Witnesses delay Anglo Irish probe
Investigations into the Anglo Irish Bank scandal are being hampered by a small number of reluctant witnesses who include former banking executives.
Director of corporate enforcement Paul Appleby said "more than 10" individuals were not co-operating with his team's attempts to get to the bottom of the rogue lender's role in bringing the country to its knees.
Despite a looming High Court-ordered deadline to wrap up the two-and-half-year probe by next month, Mr Appleby revealed he will be forced to plead for more time because of the delays and complexities involved.
"There are some people who are reluctant to engage with us," he said.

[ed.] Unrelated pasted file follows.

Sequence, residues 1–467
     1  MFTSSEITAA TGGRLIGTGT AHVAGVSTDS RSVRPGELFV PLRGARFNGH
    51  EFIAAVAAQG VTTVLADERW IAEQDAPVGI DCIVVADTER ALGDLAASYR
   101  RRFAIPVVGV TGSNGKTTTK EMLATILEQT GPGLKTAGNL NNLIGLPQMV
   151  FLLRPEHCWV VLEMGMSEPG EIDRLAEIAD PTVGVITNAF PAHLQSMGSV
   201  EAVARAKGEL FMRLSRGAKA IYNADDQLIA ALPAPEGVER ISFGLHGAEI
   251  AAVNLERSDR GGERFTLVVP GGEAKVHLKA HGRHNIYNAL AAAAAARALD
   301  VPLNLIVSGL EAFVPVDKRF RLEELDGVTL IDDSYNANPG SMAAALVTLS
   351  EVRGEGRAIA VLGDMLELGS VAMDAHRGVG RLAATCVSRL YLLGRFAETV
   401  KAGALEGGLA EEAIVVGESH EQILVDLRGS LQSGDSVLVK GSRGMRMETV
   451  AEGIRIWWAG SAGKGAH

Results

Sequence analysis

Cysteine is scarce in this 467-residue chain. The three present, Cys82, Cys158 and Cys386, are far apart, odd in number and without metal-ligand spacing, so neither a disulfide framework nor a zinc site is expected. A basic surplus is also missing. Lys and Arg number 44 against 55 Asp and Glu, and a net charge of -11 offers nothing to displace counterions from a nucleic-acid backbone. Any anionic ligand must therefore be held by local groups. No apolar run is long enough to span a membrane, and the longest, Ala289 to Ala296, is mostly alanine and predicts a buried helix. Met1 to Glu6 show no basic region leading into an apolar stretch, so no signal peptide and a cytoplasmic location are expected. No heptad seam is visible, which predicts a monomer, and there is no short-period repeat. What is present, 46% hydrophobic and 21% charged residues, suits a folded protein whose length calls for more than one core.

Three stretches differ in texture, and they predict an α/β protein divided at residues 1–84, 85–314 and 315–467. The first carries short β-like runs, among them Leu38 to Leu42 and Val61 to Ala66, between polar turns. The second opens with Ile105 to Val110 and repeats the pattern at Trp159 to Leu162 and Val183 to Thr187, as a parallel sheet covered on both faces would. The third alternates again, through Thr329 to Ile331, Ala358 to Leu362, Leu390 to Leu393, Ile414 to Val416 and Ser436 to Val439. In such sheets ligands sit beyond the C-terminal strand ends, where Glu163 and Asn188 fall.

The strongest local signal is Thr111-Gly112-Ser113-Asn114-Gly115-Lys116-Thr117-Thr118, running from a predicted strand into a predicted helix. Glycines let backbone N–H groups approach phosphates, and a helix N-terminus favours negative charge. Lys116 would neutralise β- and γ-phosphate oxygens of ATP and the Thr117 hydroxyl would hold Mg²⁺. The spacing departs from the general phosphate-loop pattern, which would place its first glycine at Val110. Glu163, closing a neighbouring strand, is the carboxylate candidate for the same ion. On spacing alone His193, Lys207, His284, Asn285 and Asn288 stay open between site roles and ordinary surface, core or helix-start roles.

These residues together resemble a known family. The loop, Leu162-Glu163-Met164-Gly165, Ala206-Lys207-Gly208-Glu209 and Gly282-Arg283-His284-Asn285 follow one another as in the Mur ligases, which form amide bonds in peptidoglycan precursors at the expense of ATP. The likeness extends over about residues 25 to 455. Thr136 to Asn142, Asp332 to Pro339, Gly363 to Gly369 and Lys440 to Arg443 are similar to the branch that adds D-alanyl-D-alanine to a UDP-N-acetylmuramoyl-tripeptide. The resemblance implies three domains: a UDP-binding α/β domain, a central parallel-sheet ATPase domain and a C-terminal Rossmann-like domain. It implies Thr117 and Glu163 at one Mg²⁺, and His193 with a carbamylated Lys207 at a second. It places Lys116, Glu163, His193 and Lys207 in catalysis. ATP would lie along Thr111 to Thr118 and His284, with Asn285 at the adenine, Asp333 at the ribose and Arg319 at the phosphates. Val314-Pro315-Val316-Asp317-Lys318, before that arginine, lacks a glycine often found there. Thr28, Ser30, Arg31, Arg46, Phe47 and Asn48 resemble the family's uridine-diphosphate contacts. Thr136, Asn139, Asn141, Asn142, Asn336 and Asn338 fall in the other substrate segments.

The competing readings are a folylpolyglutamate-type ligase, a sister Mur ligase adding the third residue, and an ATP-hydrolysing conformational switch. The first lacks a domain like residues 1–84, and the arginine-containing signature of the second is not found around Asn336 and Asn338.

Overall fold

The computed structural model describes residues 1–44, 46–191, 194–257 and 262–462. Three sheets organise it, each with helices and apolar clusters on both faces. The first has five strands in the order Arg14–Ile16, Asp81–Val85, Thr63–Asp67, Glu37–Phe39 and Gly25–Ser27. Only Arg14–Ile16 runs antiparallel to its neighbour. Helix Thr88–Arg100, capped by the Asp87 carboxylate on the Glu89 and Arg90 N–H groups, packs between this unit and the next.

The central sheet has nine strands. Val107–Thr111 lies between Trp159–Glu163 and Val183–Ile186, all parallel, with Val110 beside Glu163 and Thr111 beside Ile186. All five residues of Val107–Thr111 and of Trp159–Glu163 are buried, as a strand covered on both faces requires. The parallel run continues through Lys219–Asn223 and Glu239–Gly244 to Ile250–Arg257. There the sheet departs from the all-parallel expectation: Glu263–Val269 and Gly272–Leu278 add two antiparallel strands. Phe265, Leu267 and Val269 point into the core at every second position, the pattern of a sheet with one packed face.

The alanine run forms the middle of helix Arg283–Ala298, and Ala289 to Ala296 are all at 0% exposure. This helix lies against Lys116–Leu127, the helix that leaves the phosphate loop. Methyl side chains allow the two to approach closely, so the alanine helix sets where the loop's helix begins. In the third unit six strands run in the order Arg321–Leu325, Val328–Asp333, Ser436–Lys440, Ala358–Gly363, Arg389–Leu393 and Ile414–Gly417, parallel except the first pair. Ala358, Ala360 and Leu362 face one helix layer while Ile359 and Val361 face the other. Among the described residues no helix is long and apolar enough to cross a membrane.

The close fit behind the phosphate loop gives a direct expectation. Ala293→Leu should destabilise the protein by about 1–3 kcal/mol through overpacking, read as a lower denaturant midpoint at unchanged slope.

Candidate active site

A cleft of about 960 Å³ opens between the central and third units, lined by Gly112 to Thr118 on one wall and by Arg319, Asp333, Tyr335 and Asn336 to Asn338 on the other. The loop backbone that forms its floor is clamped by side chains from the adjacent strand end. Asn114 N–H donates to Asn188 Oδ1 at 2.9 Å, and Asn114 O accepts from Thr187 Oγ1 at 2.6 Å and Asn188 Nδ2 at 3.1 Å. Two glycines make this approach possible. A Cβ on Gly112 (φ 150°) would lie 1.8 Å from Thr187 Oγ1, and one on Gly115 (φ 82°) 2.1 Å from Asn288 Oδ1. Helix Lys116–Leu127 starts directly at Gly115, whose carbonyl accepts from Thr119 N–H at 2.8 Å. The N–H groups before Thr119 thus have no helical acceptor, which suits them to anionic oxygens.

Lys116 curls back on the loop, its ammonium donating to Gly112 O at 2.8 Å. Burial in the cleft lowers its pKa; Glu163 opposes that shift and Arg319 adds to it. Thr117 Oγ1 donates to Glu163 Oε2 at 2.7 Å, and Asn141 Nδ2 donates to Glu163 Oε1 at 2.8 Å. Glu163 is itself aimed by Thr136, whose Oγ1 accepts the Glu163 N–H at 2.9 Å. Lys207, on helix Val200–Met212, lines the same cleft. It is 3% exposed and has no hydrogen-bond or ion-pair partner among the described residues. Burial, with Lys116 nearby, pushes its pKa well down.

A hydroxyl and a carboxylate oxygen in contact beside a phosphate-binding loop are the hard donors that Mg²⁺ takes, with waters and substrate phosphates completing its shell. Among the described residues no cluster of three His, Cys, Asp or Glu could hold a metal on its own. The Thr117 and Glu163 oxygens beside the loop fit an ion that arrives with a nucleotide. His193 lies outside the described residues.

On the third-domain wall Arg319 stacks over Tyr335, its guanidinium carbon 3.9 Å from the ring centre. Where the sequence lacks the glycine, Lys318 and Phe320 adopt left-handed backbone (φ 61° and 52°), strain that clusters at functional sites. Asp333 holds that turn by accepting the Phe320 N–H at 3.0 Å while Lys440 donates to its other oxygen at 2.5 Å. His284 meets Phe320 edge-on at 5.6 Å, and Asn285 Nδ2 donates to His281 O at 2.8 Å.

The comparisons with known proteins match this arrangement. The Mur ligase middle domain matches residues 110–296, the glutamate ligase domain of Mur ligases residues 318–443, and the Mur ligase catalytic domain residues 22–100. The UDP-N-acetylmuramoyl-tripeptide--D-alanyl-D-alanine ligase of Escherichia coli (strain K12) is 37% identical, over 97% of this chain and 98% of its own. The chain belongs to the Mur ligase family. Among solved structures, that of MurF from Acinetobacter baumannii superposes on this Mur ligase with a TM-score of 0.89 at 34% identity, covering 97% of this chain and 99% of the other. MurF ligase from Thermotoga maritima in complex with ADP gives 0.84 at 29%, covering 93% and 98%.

Mr Appleby said it was important he gets statements from the small band of key witnesses who have so far refused to speak to Garda officers working for him on the investigation. Some are living in Ireland and some overseas.
Only last month, High Court Judge Peter Kelly refused a request for a six-month extension on the two-pronged investigation by Mr Appleby's office and the Garda Bureau of Fraud Investigation (GBFI), saying progress was unsatisfactory.
But Mr Appleby again defended the time it was taking, comparing it to similar probes by the UK's Serious Fraud Office which take between four and six years.
He is expected to give a detailed explanation of his difficulties to Judge Kelly on July 28. "It's very likely we will need an extension," he said.
Just one completed file has been sent so far to the Director of Public Prosecutions (DPP), on a particular loan given by Anglo to a former director.
Another file on the loan of 450 million euro to a group of 10 investors known as the Golden Circle to help them buy a 10% share in the bank - that had originally been built up by businessman Sean Quinn - has been handed over but it is only "90% completed".